Burma

Ethnic Rebels’ Conference Postponed

By Than Htike Oo 13 December 2013

A planned second round of meetings of Burma’s ethnic armed groups to discuss a government-proposed nationwide ceasefire has been postponed to January next year, said the Karen National Union (KNU), which is organizing the conference in Karen State.

Pado Mahn Mahn, joint secretary 2 of the KNU, told The Irrawaddy that the conference would be held in the KNU’s Brigade 7 territory, either at
Lay Wah or Law Kee Lar area.

The groups were scheduled to meet this month, but the conference had has been postponed to the third week of January 2014, he said, because “the organizers needed some more time” to make necessary logistical arrangements.

Discussions in the January meeting will focus on reaching a joint position among the groups towards Naypyidaw’s proposal for a nationwide ceasefire with armed ethnic groups.

In October, the ethnic groups met for a similar meeting in the Kachin Independence Organization (KIO) stronghold of Laiza, where they drew up an 11-point agreement outlining their position on a nationwide ceasefire with Naypyidaw.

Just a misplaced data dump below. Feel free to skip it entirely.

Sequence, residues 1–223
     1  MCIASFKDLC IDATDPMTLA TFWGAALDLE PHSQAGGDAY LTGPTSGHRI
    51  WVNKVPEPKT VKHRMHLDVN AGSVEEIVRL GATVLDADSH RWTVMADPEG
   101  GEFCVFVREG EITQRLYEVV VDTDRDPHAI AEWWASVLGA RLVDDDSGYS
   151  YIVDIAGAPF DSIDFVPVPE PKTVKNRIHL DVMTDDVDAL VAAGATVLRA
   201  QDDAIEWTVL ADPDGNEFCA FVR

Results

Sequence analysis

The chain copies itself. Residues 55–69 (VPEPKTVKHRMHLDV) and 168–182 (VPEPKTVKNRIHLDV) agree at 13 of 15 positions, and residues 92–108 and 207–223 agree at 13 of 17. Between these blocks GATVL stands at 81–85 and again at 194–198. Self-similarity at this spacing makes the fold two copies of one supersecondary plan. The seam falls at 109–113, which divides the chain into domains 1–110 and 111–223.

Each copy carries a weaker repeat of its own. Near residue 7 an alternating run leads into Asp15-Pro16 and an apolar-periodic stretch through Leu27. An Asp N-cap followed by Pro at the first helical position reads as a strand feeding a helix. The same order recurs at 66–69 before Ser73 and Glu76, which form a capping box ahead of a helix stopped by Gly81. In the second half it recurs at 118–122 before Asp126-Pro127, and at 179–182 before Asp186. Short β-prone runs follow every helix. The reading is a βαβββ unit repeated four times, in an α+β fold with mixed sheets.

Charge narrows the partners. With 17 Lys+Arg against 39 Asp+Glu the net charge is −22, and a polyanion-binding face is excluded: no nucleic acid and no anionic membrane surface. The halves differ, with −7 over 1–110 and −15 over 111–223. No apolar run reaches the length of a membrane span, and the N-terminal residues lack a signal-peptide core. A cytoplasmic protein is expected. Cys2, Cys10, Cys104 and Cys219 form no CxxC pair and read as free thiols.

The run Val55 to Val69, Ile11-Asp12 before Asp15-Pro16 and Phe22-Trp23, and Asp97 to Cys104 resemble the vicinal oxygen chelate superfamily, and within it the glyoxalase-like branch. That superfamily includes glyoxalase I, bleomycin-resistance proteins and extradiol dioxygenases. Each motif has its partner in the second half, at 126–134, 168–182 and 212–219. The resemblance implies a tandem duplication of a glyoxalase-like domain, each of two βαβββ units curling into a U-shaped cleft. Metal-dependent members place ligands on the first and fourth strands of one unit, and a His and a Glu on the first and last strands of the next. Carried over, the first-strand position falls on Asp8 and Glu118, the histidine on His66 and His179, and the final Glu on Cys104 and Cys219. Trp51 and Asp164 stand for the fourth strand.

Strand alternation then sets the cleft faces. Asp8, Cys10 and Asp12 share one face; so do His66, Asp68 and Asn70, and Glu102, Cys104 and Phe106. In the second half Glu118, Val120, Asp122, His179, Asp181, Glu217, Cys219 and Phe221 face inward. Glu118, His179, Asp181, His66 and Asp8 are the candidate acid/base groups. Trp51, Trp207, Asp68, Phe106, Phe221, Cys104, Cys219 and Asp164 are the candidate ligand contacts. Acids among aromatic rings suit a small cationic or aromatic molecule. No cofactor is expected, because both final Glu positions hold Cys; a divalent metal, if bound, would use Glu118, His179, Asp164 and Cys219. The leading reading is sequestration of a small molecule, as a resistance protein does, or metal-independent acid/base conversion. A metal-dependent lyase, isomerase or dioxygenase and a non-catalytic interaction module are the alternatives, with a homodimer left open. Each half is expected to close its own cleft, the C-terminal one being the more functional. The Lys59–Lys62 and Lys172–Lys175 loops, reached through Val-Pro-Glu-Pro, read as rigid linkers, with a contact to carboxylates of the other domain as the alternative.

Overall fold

In early November, government chief peace negotiator Aung Min met with the various groups in the Kachin State capital Myitkyina, but the sides failed to reach an agreement on a nationwide ceasefire.

President Thein Sein’s reformist has been keen to sign such an agreement with the rebels and announced it would hold another round of ceasefire talks this month in the Karen State capital Hpa-an, but this meeting has been postponed until early next year.

Pado Mahn Mahn said that after the January conference representatives from ethnic armed groups will meet with the government delegation in Hpa-an.

He said the KNU had planned to include issues surrounding Burma’s first official census in the country, which will be conducted in March 2014, in the meeting’s agenda.

Founded in 1947, the KNU has been fighting against successive Burmese governments for equality and self-determination. In January 2012, it reached a preliminary ceasefire agreement with the current administration led by President Thein Sein.

Naypyidaw has signed ceasefire with more than a dozen armed groups since 2012.

However, clashes between the government troops and ethic armed groups such as the KIO, the Shan State Army-South and Ta’ang National Liberation Army have continued in Kachin and Shan states.

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